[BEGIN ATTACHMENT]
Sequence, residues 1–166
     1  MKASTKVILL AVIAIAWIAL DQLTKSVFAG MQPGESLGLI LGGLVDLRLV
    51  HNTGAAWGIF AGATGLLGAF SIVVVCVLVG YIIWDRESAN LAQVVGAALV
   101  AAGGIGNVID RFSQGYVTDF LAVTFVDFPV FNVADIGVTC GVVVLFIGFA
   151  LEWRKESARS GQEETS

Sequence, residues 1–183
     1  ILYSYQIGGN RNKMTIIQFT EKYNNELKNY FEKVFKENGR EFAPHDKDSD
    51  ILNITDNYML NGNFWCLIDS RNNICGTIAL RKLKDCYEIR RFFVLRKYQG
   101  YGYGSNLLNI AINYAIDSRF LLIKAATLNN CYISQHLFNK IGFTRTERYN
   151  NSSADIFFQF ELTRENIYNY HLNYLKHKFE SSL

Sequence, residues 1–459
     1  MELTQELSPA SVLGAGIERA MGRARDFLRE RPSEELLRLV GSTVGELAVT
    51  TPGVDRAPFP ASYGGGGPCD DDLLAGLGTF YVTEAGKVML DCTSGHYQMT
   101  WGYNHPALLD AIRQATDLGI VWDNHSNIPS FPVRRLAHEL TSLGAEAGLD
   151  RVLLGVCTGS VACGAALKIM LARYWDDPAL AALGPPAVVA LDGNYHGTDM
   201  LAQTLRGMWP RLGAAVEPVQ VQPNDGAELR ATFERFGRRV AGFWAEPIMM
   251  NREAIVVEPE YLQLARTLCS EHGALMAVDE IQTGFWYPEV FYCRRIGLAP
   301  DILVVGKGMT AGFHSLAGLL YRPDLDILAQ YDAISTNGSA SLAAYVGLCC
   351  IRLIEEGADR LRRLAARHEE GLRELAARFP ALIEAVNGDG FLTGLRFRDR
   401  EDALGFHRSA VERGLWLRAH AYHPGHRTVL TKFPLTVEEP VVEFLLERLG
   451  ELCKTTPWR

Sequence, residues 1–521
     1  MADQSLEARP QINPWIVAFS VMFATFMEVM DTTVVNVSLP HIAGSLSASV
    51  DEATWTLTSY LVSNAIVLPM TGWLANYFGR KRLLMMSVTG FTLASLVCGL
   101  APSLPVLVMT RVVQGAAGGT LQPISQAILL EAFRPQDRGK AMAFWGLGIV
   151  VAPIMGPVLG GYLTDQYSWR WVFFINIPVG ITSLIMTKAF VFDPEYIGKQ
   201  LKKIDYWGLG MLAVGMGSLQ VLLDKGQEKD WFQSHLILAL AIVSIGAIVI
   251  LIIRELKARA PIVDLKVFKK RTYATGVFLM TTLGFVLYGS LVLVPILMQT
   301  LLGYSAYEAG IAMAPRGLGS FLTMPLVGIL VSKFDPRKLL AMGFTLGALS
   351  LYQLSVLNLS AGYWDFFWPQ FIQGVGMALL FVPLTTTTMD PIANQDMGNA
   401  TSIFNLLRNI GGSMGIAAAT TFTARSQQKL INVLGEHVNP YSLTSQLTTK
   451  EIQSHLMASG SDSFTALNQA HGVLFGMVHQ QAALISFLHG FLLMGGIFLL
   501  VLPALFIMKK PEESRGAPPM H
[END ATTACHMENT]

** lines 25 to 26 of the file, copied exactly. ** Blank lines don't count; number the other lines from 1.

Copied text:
   101  APSLPVLVMT RVVQGAAGGT LQPISQAILL EAFRPQDRGK AMAFWGLGIV
   151  VAPIMGPVLG GYLTDQYSWR WVFFINIPVG ITSLIMTKAF VFDPEYIGKQ